Celebrate the season in bite-sized servings to avoid “O Holy Overload”

A little goes a long way at the parks

Celebrate the season in bite-sized servings to avoid “O Holy Overload”
PHOTO of ‘Dolls Dancing’ courtesy Orlando Ballet

As I write these words, approximately 80 pounds of Thanksgiving leftovers are congealing in my refrigerator and colon. So it’s a bit late – and hypocritical – for me to start preaching the importance of moderation. But I’m a big believer that a little holiday spirit goes a long way. I’m not only referring to seasonal repasts, but the less-tasty trappings of winter: For this harrumphing Hebrew, a little bit of “peace on earth, goodwill towards men” goes a long way. That sentiment goes double for wintry weather; I moved south from New Jersey specifically to avoid snow, and would be quite happy if the only kind I ever see again comes in a cone and covered in rainbow syrup.

By now I’ve braced myself against (if not quite embraced) the inevitable immersion in mistletoe mirth every time I enter a mall between Halloween and New Year’s. But as a frequenter of Orlando’s theme parks, I find it even harder to avoid O Holy Overload at our area attractions.

Universal Orlando has their annual Macy’s Holiday Parade and Grinchmas musical, both of which kick off on Dec. 6. SeaWorld and Busch Gardens host religion-oriented holiday events, with living Nativity plays and Shamu splashing to gospel tunes. And Walt Disney World is ground central for Xmas excitement: There’s ethnic storytelling in Epcot’s World Showcase, the Osborne Family Spectacle of Dancing Lights (possibly for the final year in their current form) at Disney’s Hollywood Studios, and Frozen-themed icy lights enveloping Cinderella Castle at the Magic Kingdom.

While a full day of theme park holiday activities may sound like heaven to some, for me it’s more sweetness than I can comfortably swallow. I prefer sugarplums in smaller, bite-sized servings – which is exactly what I got at this year’s Christmas at Gaylord Palms celebration. Late last month, members of the press were invited out to the enormous Vegas-style resort hotel on Osceola Parkway to preview this year’s production. After enjoying the event in previous years, but missing it in 2013, I quickly remembered why this frigid production is perfectly proportioned for my modest holiday appetite.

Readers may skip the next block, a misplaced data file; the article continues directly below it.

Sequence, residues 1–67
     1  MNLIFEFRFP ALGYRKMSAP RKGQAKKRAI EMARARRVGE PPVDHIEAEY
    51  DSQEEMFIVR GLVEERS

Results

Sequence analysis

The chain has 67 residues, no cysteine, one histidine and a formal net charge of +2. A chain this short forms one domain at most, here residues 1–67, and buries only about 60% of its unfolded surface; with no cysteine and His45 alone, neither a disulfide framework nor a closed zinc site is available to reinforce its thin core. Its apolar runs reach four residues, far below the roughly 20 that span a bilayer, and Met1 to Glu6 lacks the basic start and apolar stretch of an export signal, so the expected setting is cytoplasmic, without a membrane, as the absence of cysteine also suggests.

Our media preview began in the hotel’s overwhelming atrium (complete with 54-foot Christmas tree) with a special one-time-only performance of excerpts from The Nutcracker by the Orlando Ballet, just days before their debut performance at the Dr. Phillips Center for Performing Arts in Carmina Burana. As I’ve written in the past, The Nutcracker is far from my favorite classical chestnut (Mark Morris’ Hard Nut version being the notable exception), but the Ballet was in fine form, presenting just enough of Tchaikovsky’s famous pieces to give a taste without inducing Fantasia flashbacks.

That was followed by the final dress rehearsal of Luminescence, a free stage show that’s celebrating its 10th season. The 20-minute performance was surprisingly engaging, combining live singing, aerial acrobatics and a hard-rock trio whose drummer flies overhead like Tommy Lee circa 1990; strange as it sounds, it works in a crazy Mannheim Steamroller-meets-Cirque du Soleil kind of way.

Finally, it was time for the main event: ICE! For more than a decade, Gaylord Palms has been importing craftsmen from Harbin, China, to carve a frozen wonderland from massive blocks of solid water. This year’s tableaux are inspired by The Nutcracker and feature their largest-ever ice slide, plus an ice bar serving chilly $16 shots. Even with the provided parka, I was unable to stay in the 9 degrees Fahrenheit environment long enough to fully appreciate the amazing details; be sure to bring gloves, and thank the icy artist in the demonstration workshop at the end for his efforts.

After escaping ICE! and its obligatory post-exhibit gift shop with every kind of Santa and Nutcracker imaginable for sale, our evening ended with a short slide down the Alpine Rush snow tubing hill. It wasn’t as large or fast as the sledding hills I grew up with, or even this season’s snow mountain at Fun Spot, but a couple of bumpy inner-tube rides proved the perfect amount of winter fun. When it comes to holiday gifts, we all know that getting something in the size you want is practically a Christmas miracle.

Unfortunately, this perfect portion of seasonal cheer doesn’t come cheap; my evening was complimentary, but it will cost adults $45 for ICE! plus 10 tubing runs; Floridians save $4 in advance using the promo code FLR14.

If that’s too steep, but you still want a couple of hours of holiday entertainment, try one of these seasonal theatrical treats:
– A Steve & Eydie Holiday Tribute with Natalie Cordone and Shawn Kilgore, Dec. 7 at Theatre Downtown; Dec. 16 at the Villages.
– A Christmas Carol, through Dec. 22 at Theatre Downtown.
Wanzie’s Orange Blossom Trail Living Nativity Christmas Spectacular, through Dec. 22 at Parliament House.